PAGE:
As much as we’d like to, none of us can control the weather. Kids can pray for their snow-days, farmers can perform rain-dance after rain-dance, and meteorologists can calculate their most precise predictions, but ultimately, just as “boys will be boys,” it seems “weather will be weather.”
Most of us are able to grin and bear this reality, some more easily than others depending on our geographical locations. Regardless, it tends to be at least one aspect of life that we humans recognize as “bigger than us” and something we must learn to work with, rather than against.
And how do we do this? Well, we’ve learned that shelter is necessary for protecting ourselves from the uncontrollable elements, leading us to create garments we can wear, houses we can live in, and even heating/cooling systems designed not only for survival, but for comfort! We’ve adapted our methods of transportation to allow for uninterrupted travel despite otherwise hindering storms, and we’ve even developed weather-specific “tools,” like umbrellas, shovels, sunscreen, snowplows, sunglasses, etc., that help us to keep life moving right along.
Pretty impressive if you think about it--- taking the enormity of something like weather, so feared and intimidating, and still managing to figure out how to “put it in its place.“
We may not be able to control the weather, but we can certainly control our reactions to it.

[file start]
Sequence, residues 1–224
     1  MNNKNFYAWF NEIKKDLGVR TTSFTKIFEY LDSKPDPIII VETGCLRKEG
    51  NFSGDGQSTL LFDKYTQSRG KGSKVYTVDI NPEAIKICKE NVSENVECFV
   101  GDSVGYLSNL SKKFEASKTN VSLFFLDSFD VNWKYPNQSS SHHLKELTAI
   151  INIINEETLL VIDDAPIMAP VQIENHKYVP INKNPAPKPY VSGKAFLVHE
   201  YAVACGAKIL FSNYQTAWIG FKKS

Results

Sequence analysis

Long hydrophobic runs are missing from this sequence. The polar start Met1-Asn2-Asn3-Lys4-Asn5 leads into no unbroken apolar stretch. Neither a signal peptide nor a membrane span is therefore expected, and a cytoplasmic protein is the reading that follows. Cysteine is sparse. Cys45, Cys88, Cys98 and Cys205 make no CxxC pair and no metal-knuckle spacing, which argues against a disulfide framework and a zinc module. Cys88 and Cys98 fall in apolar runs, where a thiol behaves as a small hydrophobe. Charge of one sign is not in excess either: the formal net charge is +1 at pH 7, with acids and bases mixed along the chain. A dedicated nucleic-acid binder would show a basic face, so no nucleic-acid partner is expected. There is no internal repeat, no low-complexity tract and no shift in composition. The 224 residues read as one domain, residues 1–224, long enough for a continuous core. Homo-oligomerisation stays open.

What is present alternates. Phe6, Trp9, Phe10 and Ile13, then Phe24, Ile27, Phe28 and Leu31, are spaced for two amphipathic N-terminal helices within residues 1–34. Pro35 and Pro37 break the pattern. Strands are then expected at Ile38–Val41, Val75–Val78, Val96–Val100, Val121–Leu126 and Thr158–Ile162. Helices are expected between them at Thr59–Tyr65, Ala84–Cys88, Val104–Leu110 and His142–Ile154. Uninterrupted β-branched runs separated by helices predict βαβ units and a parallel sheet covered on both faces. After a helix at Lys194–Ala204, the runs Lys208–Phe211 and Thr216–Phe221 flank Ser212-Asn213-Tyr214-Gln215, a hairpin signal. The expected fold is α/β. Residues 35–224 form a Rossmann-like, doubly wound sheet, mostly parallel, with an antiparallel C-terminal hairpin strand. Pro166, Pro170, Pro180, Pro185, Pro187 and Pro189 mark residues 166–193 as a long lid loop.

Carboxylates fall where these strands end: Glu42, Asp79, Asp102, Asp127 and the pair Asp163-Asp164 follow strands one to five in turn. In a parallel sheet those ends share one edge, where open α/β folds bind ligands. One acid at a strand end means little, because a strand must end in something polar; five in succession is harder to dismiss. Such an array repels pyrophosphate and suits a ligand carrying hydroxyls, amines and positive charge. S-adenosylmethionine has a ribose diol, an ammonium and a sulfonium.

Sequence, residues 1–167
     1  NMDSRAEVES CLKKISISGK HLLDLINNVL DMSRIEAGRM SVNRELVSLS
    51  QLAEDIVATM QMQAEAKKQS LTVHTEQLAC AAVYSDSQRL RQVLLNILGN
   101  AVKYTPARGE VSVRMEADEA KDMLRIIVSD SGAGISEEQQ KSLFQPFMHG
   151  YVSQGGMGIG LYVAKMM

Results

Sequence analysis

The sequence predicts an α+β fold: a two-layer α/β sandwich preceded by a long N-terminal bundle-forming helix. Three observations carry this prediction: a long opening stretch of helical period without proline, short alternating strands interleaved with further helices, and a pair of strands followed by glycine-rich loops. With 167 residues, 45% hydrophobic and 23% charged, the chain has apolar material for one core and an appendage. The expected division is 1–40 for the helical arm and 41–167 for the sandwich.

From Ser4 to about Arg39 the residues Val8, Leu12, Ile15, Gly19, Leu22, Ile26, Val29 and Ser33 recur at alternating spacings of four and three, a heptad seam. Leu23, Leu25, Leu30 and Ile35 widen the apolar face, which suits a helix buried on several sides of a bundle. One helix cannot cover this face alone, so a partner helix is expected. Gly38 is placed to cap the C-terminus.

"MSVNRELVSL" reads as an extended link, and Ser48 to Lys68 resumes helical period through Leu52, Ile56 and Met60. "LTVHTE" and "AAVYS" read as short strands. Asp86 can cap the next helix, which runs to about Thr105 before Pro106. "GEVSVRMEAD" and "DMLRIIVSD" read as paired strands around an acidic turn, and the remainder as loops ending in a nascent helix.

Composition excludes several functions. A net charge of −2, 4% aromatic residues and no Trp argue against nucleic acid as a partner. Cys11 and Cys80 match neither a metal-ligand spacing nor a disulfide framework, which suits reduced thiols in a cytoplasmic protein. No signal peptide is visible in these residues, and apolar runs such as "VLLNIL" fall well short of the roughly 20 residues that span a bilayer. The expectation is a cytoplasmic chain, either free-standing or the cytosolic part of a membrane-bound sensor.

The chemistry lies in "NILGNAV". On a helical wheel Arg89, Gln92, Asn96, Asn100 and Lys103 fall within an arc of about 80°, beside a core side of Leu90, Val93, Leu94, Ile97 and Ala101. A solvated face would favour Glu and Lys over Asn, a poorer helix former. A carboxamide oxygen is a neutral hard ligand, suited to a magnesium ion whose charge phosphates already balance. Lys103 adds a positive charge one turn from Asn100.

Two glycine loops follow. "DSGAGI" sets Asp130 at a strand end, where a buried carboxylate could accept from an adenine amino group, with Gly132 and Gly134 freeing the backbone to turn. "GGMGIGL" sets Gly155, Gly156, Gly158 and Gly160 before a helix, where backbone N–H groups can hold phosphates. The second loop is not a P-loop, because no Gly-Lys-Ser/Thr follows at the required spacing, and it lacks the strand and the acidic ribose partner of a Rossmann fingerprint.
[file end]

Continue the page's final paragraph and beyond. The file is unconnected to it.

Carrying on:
Now, external weather is one thing, but what about our internal weather? As I often explain to my clients, symptoms of worry, sadness, anger, hurt, etc., are their own thunderstorms, snowstorms, and hurricanes. Quite often, we even use weather/temperature-related terms and comparisons to describe what we’re feeling --- “He gave me the cold shoulder,” “I was on fire with rage,” “It made me so frazzled, like I was swept up in a whirlwind,” “She shivered with fear”---and there seems to be a lot of sense in this.
Much like external weather, our internal weather conditions have the capacity to intimidate us and cause us to feel wildly out of control. Our “mental rain” is often just as (if not more) unpredictable and often poses the threat of mental/emotional flooding. We experience emotional heatwaves, snowstorms of lonely isolation, and gusty winds of overwhelm that seem to sweep us right up off the ground only to drop us again. If only there could be such a thing as IWC (The Internal Weather Channel) to help us at least get somewhat of a grip on the emotional clouds up ahead…
But, another thing I tell my clients is that they don’t necessarily need to foresee, plan for, or dodge their mental rain. Instead, it is often best in many cases (like we do with external weather) to just embrace and work with it whenever it comes around. We can always “gear up” and face whatever we’re feeling with our mental umbrellas (conscious choices to recognize the harshness of life's moments as temporary, letting it bounce off of us and fall away) and with our emotional windbreakers (intentional practices of grounding ourselves in the now and avoiding getting swept away in thoughts of what’s to come).
And sure, we may not have control over when the sun will come out again, or how long it will stay, but nothing can stop us from creating our own sunshine. We always have the ability to watch that favorite TV show that always makes us laugh, visiting that friend who always makes us smile, or listening to that song that always brightens the day. We truly do have the tools to deal with and survive our internal storms, no matter how much bigger than us they may seem.
We have the choice to expend all of our energy trying to find a big enough bucket to capture every raindrop in our lives, or, we can splash through them in our rain-boots, watch them ricochet off our trusty umbrellas, clear them away with our windshield wipers, and just simply allow them to fall.